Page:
Metrics for Employee Retention: How to Hire and Keep the Right People

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Published On

December 23, 2022


Why did the computer part salesman quit his job?  He lost his drive. Ba-dum-tss!

While everyone appreciates a good joke, the sheer number of employees leaving the tech industry is no laughing matter. According to LinkedIn, companies in this specific sphere experience above-average turnover rates.

How can companies track who is leaving? And what can they do to combat this high voluntary turnover rate?

This article aims to answer those questions. We'll review why companies must measure employee retention and what metrics to use. Finally, we'll discuss why hiring top talent is key to retaining employees and show how using Talentcrowd helps you hire the right people from the start.


Why is it Important to Measure Employee Retention?


The Problem

The tech and media industry has the second-highest employee turnover rate at 12.9%. This turnover rate poses a problem to employers for a few reasons. Replacing an employee is expensive, disruptive, and time-consuming.



According to a Gallup poll, the cost of replacing an employee is one-half to two times the individual's annual salary. Let's break down this equation.

$10,000 annual salary = $5,000 to $20,000 replacement cost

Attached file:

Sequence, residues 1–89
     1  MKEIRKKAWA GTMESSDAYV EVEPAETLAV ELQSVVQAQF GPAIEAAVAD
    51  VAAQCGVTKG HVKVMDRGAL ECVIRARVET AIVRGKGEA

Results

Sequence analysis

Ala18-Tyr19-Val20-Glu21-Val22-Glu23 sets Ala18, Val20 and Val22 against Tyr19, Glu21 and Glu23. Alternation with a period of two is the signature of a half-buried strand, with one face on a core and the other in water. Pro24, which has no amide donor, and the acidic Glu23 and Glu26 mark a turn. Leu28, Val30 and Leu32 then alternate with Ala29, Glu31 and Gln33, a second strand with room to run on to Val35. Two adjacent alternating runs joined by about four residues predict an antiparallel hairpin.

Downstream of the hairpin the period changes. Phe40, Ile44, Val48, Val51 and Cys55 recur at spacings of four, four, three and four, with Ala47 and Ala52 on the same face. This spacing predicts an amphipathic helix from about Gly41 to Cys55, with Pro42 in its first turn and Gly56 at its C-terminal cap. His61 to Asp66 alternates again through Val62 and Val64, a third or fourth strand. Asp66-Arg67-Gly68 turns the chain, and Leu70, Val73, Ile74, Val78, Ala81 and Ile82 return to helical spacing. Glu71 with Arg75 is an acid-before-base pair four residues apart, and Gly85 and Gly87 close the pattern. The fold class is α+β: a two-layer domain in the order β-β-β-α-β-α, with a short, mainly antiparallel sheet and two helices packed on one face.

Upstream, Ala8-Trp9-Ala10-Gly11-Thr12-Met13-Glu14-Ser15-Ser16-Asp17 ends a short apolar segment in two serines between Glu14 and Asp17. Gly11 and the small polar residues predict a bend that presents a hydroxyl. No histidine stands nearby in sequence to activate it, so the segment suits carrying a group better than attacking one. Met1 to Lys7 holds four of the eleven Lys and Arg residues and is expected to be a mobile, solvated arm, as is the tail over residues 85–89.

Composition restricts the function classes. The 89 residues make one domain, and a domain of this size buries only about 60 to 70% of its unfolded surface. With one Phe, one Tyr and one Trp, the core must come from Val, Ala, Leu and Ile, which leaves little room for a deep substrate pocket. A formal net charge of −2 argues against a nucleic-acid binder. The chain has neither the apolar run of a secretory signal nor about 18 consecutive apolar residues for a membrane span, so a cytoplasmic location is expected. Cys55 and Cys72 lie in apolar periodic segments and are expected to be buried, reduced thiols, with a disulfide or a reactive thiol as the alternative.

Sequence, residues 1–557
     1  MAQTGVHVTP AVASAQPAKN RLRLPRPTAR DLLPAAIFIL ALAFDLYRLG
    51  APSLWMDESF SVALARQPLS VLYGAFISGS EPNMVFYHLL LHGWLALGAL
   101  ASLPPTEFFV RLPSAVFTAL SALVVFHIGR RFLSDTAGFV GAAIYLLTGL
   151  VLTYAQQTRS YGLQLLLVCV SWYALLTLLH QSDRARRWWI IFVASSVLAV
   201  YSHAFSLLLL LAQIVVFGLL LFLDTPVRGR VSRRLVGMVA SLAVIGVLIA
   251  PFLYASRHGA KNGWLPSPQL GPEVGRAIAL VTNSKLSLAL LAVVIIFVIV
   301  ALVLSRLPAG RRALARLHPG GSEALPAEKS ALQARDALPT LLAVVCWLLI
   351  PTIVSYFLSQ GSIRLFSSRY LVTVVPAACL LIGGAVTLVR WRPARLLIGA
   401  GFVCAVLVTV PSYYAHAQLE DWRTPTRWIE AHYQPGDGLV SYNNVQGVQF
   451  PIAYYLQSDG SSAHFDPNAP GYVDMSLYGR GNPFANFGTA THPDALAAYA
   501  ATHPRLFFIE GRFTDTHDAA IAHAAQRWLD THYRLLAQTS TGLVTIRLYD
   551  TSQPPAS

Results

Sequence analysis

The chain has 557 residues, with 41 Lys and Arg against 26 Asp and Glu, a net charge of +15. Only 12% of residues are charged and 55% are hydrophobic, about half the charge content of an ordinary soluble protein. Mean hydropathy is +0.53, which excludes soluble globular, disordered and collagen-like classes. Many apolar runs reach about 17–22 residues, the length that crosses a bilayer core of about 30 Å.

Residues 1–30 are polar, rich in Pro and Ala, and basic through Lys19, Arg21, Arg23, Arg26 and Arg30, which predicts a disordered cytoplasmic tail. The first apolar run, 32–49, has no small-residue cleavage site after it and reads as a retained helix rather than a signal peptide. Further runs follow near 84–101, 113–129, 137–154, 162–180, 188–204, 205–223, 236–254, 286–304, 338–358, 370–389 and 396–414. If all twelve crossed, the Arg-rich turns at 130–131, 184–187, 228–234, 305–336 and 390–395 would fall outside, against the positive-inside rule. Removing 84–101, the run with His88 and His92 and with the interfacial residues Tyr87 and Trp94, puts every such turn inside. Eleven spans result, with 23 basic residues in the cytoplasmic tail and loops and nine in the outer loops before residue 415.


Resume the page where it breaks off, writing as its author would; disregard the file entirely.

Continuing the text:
$50,000 annual salary = $25,000 to $100,000 replacement cost

$100,000 annual salary = $50,000 to $200,000 replacement cost

As you can see, no matter how much an employee earns, companies lose money when they lose employees.

Gallup concludes that US businesses lose $1 TRILLION annually due to turnover costs and hiring expenses. Numbers don't lie and paint a clear message-- Employers can only afford to retain their employees.



Profits aren't the only thing that takes a hit when the talent turnover rate rises. Company cohesion and overall employee satisfaction are thrown into flux when employees leave their jobs consistently. Employee morale, happiness, and confidence take a hit when Joe from the cubicle next door replaces Sue, who replaced Ed. Before you know it, you're meeting your fifth new coworker this year, which can negatively affect employee morale.

Drastic turnover rates indicate a larger problem and cause employees to question the company's future and how they fit in. Employee happiness is essential for any business and its employees. According to Gallup, over half of those who are part of the tech world's voluntary turnover say their company could have done something to convince them to stay but didn't.



There's no way around it; it's time-consuming each time an organization replaces someone due to involuntary or voluntary turnover. Employee departures hurt businesses because the company must allocate extra time and resources to train new hires.

According to the Harvard Business Review, it takes a new employee eight months to become a fully productive team member. Integration takes time, and time is money. 


The Solution

So what can businesses do to combat detrimental turnover rates?